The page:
But first, it’s important to understand how the test is formatted before you go into it so you know what you can expect. The English language arts section includes all three types of questions and will contain passages for students to read for some of those questions. It is important that the students attempt to answer the open ended responses so they can obtain some credit for their answers.
“Even if you don’t know the answer to the question, answer every question anyway, because you’re not going to get points taken away for answering a question wrong,” Crawshaw said. “But you’re not going to get any points if you don’t answer the question. So at least if you answer it, you have a chance of getting it right.”
The mathematics and sciences sections include open-ended and multiple choice questions. For open-ended questions, students can show their work or explain their reasoning even if the question does not require them to do so. It is important that students attempt all of the questions, answer every part of the question and to show or explain their work when possible.
Next, think about your areas of strength. Maybe you’re good at reading passages and using context clues to answer questions about what happened in the reading. But you might struggle with understanding math formulas. If you know that you might need some help with certain subjects, you can ask for help from your teachers long before test day.
Flexible schools like CCA can help individual students walk through areas they are having difficulty with and provide resources to help practice those skills. Practice can help you build your confidence in those difficult areas, and it’s never too early to start reviewing.
It’s also important to view the code of conduct for these exams. Electronics such as cellphones and smartwatches are not permitted during the exams. Some math or science sections don’t allow calculators and others do. Teachers read instructions aloud before starting the exam and before some sections so be sure to listen to them as well as read the instructions in your exam booklet carefully.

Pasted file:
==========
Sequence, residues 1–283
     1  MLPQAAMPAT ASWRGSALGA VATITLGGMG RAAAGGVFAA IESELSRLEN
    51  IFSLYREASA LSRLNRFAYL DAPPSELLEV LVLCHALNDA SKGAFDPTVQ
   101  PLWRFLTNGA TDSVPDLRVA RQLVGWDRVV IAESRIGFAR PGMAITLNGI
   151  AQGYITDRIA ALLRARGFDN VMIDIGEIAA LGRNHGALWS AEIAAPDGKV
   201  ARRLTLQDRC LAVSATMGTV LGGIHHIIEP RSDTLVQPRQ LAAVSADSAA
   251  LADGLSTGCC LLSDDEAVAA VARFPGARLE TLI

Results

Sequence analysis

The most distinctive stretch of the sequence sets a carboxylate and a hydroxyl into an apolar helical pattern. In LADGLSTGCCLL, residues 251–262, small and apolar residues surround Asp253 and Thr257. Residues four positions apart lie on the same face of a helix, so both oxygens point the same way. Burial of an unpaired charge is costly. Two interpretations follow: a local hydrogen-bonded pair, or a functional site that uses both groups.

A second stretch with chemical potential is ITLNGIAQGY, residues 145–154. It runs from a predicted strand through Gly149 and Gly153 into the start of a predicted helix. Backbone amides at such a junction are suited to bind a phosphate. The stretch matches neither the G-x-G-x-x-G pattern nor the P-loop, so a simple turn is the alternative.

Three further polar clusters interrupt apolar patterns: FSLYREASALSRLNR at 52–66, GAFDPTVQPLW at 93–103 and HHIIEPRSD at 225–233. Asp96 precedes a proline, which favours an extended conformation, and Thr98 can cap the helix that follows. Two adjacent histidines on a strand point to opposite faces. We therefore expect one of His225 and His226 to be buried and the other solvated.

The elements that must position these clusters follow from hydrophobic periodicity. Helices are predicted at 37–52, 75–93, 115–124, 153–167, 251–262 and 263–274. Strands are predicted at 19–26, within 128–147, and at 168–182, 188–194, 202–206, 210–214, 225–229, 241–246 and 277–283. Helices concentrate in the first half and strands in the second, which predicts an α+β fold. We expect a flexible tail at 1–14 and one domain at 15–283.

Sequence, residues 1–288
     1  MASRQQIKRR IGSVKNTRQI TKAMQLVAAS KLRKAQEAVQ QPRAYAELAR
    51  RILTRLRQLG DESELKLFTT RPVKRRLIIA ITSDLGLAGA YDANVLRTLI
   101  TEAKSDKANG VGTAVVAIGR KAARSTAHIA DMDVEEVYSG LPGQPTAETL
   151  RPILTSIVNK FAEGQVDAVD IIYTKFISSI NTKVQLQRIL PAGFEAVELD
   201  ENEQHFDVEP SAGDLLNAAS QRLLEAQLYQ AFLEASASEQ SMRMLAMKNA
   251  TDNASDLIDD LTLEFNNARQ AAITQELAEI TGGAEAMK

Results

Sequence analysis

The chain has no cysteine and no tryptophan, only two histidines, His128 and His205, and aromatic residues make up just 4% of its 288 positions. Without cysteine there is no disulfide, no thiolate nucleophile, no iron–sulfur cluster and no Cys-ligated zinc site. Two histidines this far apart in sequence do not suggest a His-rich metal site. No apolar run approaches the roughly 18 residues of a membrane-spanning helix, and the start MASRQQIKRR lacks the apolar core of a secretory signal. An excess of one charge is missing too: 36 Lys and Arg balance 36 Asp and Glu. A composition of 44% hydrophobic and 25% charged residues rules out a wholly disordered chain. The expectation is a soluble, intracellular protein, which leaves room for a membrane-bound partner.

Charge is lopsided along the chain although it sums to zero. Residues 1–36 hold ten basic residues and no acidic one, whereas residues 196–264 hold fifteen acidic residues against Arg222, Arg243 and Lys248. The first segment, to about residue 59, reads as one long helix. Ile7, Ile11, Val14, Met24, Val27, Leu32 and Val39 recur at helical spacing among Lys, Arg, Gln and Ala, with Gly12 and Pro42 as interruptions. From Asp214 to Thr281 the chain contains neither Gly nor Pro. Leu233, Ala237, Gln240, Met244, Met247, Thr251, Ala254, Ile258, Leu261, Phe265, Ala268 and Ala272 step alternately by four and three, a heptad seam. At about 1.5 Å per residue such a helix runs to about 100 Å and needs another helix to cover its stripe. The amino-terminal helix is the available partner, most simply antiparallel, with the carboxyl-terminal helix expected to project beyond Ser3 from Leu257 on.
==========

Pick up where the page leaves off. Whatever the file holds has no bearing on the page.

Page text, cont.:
Other behaviors like sharing answers or cheating aren’t allowed, and instances of catching another student cheating should be reported to your teacher. Bringing notes to help you during your exam also can count as cheating so do not bring those to the exam.
Before the day of the exam, get a good night’s sleep. It’s hard to concentrate on your test problems if you can barely hold your head up because you’re so tired. You can set yourself up for a restful night by engaging in activities that relax you, perhaps like reading a book, right before bed.
Here are some additional tips to help you ace your exams:
- Eat a good breakfast. Start on a good note the day of the test by eating breakfast.
- Relax, don’t stress. Try to calm any worries you have about the tests. Stressing too much does more harm than good. Instead, have the mindset that you are going to try your best, you can do it and that you are going to give as much effort as possible.
- When you’re filling out your answers, be careful. Remember that you aren’t penalized for wrong answers, so take your best guess.Try every question, and double check your answers before finishing.
To do well on these exams, you need to focus and put time into preparing for them. No matter if you are in need of PSSA or Keystone test preparation, the CCA family is here to ensure that you have the support and resources you need to do your very best. Don’t be afraid to ask for help, and good luck on your exams! You can do it!